Four Seasons

A videotape from 1982 by Arthur Wicks


A Videotape

(Originally shot on super 8 transferred to U-Matic video by Rank Cintel; 20 minutes; colour; PAL & NTSC)

This videotape is a diary of a block of land taken from one vantage point.

Movement is restricted mostly to zooming and pan­ning. The camera resembles a surveilling eye – focusing on specific objects and events, rolling from side to side picking up changes and movement in the peripheral vision.

The film was made using time-lapse with the time interval varying from one frame per second to one frame per hour. Small sections were shot at the “normal” speed of 24 frames/second. The video beg­ins at mid-summer; shadows and clouds roll by rel­entlessly. The passage of each day can take from One second to several minutes, with night as well as day being included in the imagery.

Editing was restricted to maintaining a general chronological flow of time.

There are several incidents and accidents that are incorporated into the tape. Early in the work for example, workmen can be seen repairing the road between the block of land and the apartments bey­ond. A little later it was necessary to use a replacement camera. In this camera, as the batt­eries lost power, instead of opening and closing at each pulse, the shutter opened at one pulse and closed at the next. ‘Street lights flare and hall-ate into the lens.

The audio track was carefully dubbed over the final video image using natural insect and bird sounds; cicadas and gaIahs for the warmer months end currawongs for the bleaker winter. Some of these sounds were transformed using a synthesiser. The natural and synthesised alternate without warning and are tightly woven into the electronic image.

The seasons proceed predictably but the final images of the following summer are barely a rem­inder of the previous one.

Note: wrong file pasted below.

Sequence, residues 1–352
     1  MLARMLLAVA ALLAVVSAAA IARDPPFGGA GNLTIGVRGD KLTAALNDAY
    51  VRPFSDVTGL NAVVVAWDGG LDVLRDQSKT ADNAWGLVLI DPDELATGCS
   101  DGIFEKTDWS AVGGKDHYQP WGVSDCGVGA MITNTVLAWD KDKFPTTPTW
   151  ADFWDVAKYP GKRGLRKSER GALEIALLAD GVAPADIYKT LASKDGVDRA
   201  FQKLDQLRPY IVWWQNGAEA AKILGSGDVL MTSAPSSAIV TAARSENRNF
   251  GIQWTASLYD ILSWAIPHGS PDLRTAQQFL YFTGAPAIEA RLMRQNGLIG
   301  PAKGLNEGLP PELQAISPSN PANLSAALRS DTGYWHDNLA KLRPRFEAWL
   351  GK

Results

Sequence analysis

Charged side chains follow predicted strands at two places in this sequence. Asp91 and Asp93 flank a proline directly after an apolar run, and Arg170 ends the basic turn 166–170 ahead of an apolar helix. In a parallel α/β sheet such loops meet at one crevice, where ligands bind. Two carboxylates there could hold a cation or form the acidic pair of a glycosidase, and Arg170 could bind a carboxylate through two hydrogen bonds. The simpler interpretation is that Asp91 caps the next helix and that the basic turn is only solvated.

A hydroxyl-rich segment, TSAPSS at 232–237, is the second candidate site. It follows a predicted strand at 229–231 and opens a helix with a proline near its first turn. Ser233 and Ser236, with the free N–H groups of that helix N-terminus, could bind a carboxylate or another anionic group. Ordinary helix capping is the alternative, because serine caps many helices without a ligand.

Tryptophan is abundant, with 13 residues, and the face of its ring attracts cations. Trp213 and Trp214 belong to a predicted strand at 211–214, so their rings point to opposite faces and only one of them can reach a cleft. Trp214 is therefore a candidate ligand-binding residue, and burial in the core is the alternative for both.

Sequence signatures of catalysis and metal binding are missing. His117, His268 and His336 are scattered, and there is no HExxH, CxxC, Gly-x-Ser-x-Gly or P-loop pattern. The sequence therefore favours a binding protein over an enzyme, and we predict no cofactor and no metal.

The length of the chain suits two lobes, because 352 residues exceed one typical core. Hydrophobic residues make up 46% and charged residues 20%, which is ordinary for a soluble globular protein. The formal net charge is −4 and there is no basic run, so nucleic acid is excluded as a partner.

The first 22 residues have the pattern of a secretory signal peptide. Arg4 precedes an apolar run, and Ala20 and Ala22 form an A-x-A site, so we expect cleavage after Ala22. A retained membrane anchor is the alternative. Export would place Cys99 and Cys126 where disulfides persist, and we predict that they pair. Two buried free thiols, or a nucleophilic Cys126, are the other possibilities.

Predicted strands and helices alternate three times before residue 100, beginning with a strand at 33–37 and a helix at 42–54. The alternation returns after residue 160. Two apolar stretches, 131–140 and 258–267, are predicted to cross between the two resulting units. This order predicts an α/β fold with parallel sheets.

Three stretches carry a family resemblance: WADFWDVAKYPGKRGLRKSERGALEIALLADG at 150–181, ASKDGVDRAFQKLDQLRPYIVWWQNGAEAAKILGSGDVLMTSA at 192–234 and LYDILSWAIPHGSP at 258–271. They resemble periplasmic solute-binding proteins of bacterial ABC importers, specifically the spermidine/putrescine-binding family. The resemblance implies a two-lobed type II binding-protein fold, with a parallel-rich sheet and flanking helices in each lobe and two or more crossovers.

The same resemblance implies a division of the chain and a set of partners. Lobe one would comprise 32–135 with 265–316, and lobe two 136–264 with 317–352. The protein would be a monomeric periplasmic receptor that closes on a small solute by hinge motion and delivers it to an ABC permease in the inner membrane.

Arthur Wicks January 1982
P 60 from Berliner Notizen, published Kunsterhaus Bethanien, Berlin 1983

Earth Canvas Exhibition piece

Wagga Wagga based artist Arthur Wicks produced an art piece for the Earth Canvas Exhibition at the Museum of the Riverina during 2021. He collaborated with Big Springs Regenerative farmers Brad and Katie Collins at Ayrshire Park.

He says

The Process my response is to explore the cyclic nature of growth and its relationship to regeneration in particular. As a result I chose to produce an object with materials that Brad and Katie Collins would find familiar. It mirrored – became a simulacrum – for their farm but on a tiny scale. This scale would flicker between an aerial view of the landscape and a small garden plot. I sowed seeds that they used on their farm; allowed them to germinate and then to wither.

The Conditions and the weather; any farmer knows its effects! In this case unusual cold meant that the seeds sown on the surface of the object took much longer to germinate and to develop.

The seeds sown on the surface were targeted by birds; it was like a smorgasbord laid out for them! Farmers are familiar with the problems that hungry animals and birds can create.

The Project reinforced my understanding of the cyclic and regenerative nature of growth, maturation and harvesting. My gardening practice already reflects this.

I hope people take away and observe how cyclic events impinge on our everyday life and can in addition be influenced by the unexpected.